It doesn't take much to make me happy, but then it doesn't take much to annoy me either.


27 JUL 2019 - Hillbilly Elegy is a very good book, easy to read with great commentary on the contradictions and struggles of growing up in a poor family. Contradictions because loyalties to family members who make poor decisions will present a struggle between wanting to stay and help and wanting to flee and get away from the madness. And obviously the struggle of being poor will magnify any difficulty in life.


23 SEP 2018 - Scalia Speaks is a great book about a great man who will be very greatly missed.

This is a book of various speeches given by Justice Antonin Scalia. The topics vary widely from his Catholic faith, to law, virtues, and friendships. Scalia is impressive not only for his depth of knowledge and logic regarding each topic, but also for a humility in recognizing and admitting his own limitations. Indeed, the common topic throughout the book is of constitutional originalism, a subject he preaches about along with the admission that such an approach will protect others from Scalia himself imposing authoritarian views.

Chilcoot Pass30 JUL 2018 - Damn near finished with Alaska by James Michener. Boy is this a tome... not that it's too scholarly, but man this is a long book.

Michener goes all the way back to prehistoric times, speculating about mammal migrations, continental earthquakes, and such. He carries thru to Asian migrations, Russian explorers, gold rush, American purchase as well as all the efforts to finally gain statehood in 1959. He follows a salmon fry from moment of birth, freshwater development, sea faring migration, and the final life expiring return to original birthing grounds where the breeding lifecycle is repeated.

As with all Michener novels, I learned a lot about Alaska. One of the more interesting points relates to a famous photo of the Chilkoot Pass. My first impression of this picture was just a bunch of gold miners plodding up a hill to the waiting gold fields. Sure, it looks cold and walking up mountains isn't easy, let alone thru the snow.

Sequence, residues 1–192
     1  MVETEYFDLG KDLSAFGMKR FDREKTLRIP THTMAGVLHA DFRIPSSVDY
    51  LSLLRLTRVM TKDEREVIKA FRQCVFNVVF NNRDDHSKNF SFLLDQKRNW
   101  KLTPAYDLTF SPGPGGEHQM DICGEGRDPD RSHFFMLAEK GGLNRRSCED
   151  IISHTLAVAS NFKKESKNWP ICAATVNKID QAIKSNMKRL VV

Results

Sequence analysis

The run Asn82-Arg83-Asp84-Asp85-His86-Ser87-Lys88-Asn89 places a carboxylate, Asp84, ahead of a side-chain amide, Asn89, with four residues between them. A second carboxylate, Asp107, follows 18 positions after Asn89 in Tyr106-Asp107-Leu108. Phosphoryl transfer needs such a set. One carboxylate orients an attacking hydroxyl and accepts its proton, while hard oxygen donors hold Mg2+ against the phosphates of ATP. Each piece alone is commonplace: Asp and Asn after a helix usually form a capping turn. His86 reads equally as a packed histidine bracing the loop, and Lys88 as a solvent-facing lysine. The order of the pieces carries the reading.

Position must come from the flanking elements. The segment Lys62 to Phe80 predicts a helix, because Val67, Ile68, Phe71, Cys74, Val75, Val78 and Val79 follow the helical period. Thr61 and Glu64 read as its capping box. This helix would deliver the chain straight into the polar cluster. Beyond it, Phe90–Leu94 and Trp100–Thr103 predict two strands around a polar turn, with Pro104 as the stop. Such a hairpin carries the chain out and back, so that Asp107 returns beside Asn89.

But the miners shown are not simply hiking up a hill and moving on. No - in order to get thru Canada to the Kondike they have to bring with them 1 ton of supplies. This came about because the Canadians realized miners were showing up to the gold rush woefully unprepared for the rigors of what lay ahead. They were starving and freezing from lack of food, clothing, and equipment to get them thru the harsh winters.

So Canada instituted a rule that nobody could pass thru their territory to the gold fields without bringing supplies. The total list amounted to 1 ton of equipment, and all those supplies had to be carried up the Chilkoot Pass. The only way to do that was to pack part of it up one trip at a time, then return to the bottom for the next load. It was estimated that most miners would need a whole day to go up and back, and that effort would get 50 lbs of supplies to the top. Divide 2000 lbs of supplies by that and it took most men 40 days straight to get the everything up to the top. Once there, a lake and river made transportation a little easier.



Milo30 DEC 2018 - Finished reading Dangerous by Milo Yiannopoulos. This was the book that was deemed too risky for the publisher to bring out. Then Milo was drummed out of society for comments about sex with minors (he doesn't endorse it) and he's been pretty quiet since. Certainly not the straw that stirs the social drama - that's Trump's job these days.

But in the middle of reading Milo's book there was a movement to discredit it, something akin to it not being well written, or coming off as too egotistical. I paused in my  reading, read the criticisms, and came to the conclusion that this was another hit job. Dangerous is a good book, well annotated with logical arguments and rebuttals. As if not trying to hide anything, Milo starts our the very first chapter addressing the charges of supporting sex with children. That to me was very admirable - he's taking something difficult on up front, ready and willing to explain himself on the very first page. I like that.

Milo is no doubt a provocateur - both his lifestyle as a gay conservative and his Hollywood appearance gain unusual attention. But he proves to be incredibly scholarly as well. Page after page is filled with political arguments that are not just jabs at his opponents, but each is annotated with facts and figures to back his points.